Veterans’ disability pay questioned

Tom Philpott

Both his grandfather and great-uncle served in World War II, said Sen. Barack Obama, D-Ill., but only his great-uncle entered a Nazi death camp as the war came to a close.

“According to the story my grandmother told,” said the senator in a phone interview, “when he got home, he went up to his parents’ house, into the attic, and didn’t talk for about six months.”

It was an era, said Obama, in which many veterans struggled through the trauma of war, without counseling or disability pay.

Obama had several generations of veterans in mind, he suggested, when he joined with fellow Democrats Richard Durbin (Ill.), Patty Murray (Wash.) and Daniel K. Akaka (Hawaii) Sept. 22 on an amendment to block the Department of Veterans Affairs from reviewing case files of 72,000 veterans rated 100-percent disabled by post-traumatic stress disorder (PTSD). The Senate, on a voice vote, adopted the amendment to the Military Construction and Veterans Affairs Appropriation Act (HR 2528).

The House version of the bill has no such language, so a House-Senate conference committee will decide its fate during final negotiations on the bill.

Rep. Steve Buyer, R-Ind., chairman of the House Veterans Affairs Committee, declined an interview, but said in a written statement, “If a veteran’s claim is unfairly denied, that is a problem. If a claim is granted in error, that is money taken from another veteran.”

VA officials believe some PTSD claims have been decided for veterans without proper documentation. They announced their massive review only after the VA inspector general studied 2,100 randomly-selected cases of PTSD disability awards and found 25 percent lacked documents to verify that a traumatic, service-connected incident occurred.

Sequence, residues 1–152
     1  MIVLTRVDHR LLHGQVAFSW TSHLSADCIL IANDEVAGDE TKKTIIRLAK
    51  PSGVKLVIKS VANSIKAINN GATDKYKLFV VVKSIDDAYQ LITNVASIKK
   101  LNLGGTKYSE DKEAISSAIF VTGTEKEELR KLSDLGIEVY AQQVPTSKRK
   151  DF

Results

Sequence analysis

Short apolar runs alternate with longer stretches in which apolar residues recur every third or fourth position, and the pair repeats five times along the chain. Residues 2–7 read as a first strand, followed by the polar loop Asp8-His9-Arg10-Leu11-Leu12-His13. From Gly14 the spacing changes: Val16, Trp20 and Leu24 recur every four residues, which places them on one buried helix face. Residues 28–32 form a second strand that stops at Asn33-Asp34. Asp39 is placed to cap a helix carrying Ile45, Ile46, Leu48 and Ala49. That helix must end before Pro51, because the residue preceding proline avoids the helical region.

Given the poor staff work, VA said that in January it will begin to review paperwork for all 100-percent disabled PTSD cases decided over five years, from October 1999 through September 2004. In that period, the IG said, the number of veterans receiving compensation for PTSD rose by 80 percent and annual PTSD payments rose from $1.7 billion to $4.3 billion.

However, the Senate’s amendment would bar the VA from conducting its case review until it justifies the program to Congress. It also would prohibit the VA from lowering PTSD awards except in cases of fraud.

“None of us wants to see any fraud or waste in government spending,” said Obama, who serves on the Senate Veterans Affairs Committee, “but nowhere should we be more willing to give people the benefit of the doubt than with the brave men and women who served our country.”

VA, he said, “is presuming significant fraud for people who have received 100-percent disability payments on PTSD claims. They are not conducting a comparable survey of people whose claims were denied. What that indicates, to me at least, is there is some bias against those who have received payments.”

He noted that the original IG investigation was launched because of veterans’ complaints of wide disparities in claim award between VA regions.

“There were a couple of ways the VA could have handled it. They could have said, ‘You know, this is troubling. It seems that some veterans are being shortchanged. Let’s make sure all veterans are being treated fairly and generously.’ ”
Instead, the VA decided to “level down rather than up” on benefits.

He predicted House conferees will concede to the Senate on this issue.

“If you just think about the nature of PTSD, imagine the number of servicemen who come back and never even bother about making a PTSD claim, despite the fact that they’ve having significant trauma,” Obama said. “Think about those who maybe put in a claim but weren’t organized enough to have the paperwork, and now, potentially, are going to see benefits reduced.”

Obama said the rise in PTSD payments likely reflects greater knowledge today of the disorder rather than sloppy staff work or fraud.

Tom Philpott can be contacted at Military Update, P.O. Box 231111, Centreville, Va. 20120-1111, or by e-mail at: